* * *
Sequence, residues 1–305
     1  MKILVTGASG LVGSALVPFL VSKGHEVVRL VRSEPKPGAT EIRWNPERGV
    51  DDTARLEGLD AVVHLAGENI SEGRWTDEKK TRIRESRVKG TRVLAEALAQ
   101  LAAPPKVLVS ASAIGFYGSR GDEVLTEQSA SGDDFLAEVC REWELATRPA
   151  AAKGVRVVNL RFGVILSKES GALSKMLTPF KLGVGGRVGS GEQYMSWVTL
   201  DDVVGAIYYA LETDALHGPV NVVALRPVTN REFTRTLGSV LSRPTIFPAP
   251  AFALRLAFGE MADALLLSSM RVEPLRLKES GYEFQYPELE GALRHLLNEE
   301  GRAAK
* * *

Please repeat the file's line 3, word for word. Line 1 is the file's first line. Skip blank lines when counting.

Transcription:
    51  DDTARLEGLD AVVHLAGENI SEGRWTDEKK TRIRESRVKG TRVLAEALAQ